> Happy to share. It's linked to a Google Doc, but I've attached the
> final PDF as well.
I am sorry that you had to risk yourself in order for me to avoid the
risk to myself. I wish you had not done that onto yourself. The policy
is more important to me than the paper, as I described in my second
paragraph on my previous email. What I wished for is that the publisher
made a pdf available for everyone without the need to risk privacy,
freedom and security to all. Thank you for your good intentions,
> Regarding your last paragraph, that's really a question for A4AI and
> not myself. But I have written extensively about it, including in the
> 2017 DC3 report and a sustainability magazine article, and I'm working
> on another piece that will hopefully come out this summer looking at
> those same questions.
By skimming the document, I can note that it is much more broad than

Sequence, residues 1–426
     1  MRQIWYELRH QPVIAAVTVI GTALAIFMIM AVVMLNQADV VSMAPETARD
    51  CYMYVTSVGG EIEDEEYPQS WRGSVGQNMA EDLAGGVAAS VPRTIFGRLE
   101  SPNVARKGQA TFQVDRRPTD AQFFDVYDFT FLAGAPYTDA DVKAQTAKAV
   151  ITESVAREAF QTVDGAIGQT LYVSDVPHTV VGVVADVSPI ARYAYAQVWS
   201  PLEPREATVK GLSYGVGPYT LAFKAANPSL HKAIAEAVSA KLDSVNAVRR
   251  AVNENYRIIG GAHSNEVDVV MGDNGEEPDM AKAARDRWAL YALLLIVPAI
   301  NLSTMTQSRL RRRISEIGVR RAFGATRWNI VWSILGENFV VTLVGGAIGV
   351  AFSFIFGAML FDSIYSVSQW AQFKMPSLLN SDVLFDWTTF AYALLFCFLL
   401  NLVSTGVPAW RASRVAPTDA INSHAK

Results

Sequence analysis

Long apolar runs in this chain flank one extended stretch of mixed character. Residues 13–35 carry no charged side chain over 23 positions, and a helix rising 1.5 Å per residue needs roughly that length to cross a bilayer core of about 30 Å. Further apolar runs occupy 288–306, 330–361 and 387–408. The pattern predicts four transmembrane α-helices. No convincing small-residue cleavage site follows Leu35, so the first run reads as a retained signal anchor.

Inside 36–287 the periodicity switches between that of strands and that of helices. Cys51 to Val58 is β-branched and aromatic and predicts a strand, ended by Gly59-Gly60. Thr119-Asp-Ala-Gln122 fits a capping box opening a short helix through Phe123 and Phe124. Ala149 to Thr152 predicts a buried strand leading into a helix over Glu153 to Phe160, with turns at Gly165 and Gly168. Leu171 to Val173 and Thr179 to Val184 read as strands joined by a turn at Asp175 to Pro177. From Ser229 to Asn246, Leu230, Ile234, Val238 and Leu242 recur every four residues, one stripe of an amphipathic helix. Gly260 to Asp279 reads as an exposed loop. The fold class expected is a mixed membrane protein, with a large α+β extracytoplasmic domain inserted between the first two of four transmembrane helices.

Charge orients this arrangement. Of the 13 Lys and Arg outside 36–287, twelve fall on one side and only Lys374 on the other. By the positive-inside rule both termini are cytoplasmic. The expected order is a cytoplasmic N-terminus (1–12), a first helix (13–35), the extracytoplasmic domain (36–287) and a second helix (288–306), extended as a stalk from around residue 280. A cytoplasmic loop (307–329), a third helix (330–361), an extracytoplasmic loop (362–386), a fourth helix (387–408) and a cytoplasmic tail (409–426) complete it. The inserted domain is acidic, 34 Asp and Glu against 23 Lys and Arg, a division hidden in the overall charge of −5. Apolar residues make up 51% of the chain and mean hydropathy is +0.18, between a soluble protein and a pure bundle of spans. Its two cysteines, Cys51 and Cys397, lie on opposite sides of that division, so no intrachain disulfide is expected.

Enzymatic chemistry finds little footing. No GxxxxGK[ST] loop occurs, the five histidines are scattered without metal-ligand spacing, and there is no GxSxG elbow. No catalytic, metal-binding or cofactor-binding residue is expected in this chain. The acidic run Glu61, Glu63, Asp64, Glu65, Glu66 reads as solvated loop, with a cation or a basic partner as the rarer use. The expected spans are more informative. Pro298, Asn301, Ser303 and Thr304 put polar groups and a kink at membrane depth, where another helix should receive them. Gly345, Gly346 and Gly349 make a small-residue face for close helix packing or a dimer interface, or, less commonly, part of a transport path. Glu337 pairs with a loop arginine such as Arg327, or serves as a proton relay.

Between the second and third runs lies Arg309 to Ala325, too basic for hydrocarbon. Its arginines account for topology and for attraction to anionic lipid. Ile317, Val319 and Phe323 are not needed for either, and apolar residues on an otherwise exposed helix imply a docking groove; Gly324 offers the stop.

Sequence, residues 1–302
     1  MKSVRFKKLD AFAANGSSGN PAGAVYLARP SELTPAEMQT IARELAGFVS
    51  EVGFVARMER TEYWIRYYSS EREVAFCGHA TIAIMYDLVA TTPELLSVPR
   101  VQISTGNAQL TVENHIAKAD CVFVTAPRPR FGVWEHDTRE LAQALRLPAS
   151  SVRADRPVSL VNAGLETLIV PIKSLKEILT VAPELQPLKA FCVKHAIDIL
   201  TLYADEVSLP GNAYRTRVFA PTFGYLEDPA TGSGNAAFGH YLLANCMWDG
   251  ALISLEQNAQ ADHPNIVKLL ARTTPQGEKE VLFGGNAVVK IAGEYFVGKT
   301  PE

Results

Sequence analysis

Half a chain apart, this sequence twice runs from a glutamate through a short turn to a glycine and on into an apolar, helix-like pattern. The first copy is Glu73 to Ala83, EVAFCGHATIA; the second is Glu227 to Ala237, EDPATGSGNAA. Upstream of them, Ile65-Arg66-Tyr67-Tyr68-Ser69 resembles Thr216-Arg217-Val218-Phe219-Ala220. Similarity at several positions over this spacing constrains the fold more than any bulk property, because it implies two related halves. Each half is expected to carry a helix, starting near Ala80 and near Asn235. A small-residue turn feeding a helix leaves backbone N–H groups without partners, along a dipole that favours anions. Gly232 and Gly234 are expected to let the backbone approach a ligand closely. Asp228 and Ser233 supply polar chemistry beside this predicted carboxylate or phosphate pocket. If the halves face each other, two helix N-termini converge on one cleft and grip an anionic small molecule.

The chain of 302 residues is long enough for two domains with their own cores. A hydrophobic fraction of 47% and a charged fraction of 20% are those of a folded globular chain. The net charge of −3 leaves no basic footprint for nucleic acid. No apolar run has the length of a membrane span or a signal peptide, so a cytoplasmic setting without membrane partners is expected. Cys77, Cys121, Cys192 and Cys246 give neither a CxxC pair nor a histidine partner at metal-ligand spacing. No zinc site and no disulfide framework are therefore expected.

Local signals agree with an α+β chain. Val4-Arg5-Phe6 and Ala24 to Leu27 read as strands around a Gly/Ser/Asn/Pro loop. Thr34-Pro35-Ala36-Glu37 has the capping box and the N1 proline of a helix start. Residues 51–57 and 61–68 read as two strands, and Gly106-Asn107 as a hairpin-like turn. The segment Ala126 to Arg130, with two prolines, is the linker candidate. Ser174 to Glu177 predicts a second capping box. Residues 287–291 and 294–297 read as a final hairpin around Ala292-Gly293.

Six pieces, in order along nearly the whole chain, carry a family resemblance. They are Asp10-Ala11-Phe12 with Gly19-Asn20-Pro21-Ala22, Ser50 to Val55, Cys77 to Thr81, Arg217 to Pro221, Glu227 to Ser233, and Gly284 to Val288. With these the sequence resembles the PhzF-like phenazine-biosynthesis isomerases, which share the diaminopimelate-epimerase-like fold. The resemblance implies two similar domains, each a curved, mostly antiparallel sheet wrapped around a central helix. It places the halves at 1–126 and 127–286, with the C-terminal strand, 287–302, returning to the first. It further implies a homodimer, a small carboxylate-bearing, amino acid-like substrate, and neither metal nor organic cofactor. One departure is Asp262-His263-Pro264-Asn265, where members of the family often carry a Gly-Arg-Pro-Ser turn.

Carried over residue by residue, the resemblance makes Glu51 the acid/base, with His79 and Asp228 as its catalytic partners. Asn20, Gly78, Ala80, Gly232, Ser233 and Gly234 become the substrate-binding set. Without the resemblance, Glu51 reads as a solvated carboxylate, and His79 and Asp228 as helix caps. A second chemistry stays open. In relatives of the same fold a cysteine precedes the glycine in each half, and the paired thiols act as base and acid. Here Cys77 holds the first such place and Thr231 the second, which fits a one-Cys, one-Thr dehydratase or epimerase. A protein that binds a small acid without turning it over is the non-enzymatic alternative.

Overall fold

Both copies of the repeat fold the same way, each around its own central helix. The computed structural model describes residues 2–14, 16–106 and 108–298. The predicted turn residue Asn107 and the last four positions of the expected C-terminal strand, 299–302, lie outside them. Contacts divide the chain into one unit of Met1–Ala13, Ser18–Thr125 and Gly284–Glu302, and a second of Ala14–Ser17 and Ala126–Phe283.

just proposing electrical grid coverage. I will study it later in more
I want to bring your attention to a new report launched by the Alliance for
Affordable Internet (A4AI). It focuses on sustainable access – a topic I
began writing about in 2017 thanks to Luca inviting me to contribute to the
DC3 report :-) Needless to say, it's a topic dear to my heart.
The report analyses how governments embed climate issues into their
broadband policies, looks at the consequences of inaction, and suggests
policy recommendations towards a greener internet.
There was an ask ( please see very interesting transcript from precious
email on WSIS 2021 Forum session 3 bridging digital divide) to connect with
whatever available tech with speed rather than wait for the best or newest
solution, for covid 19 has made economies dependent on ICTs.
In the west with land line phones there is 3 way calling ...wonder if there
is technology fix to take this to more callers say 10 callers connecting.
The bandwidth to enable zoom education is not available to all, but land
line phones are more common in rural areas. Also dial up internet is still
an important option and content should be made avaliable for these
technologies. I grew up through dial up and know it can be used effectively
for some purposes ...
Amali De Silva - Mitchell
Amali De Silva-Mitchell MSc.CPA,CMA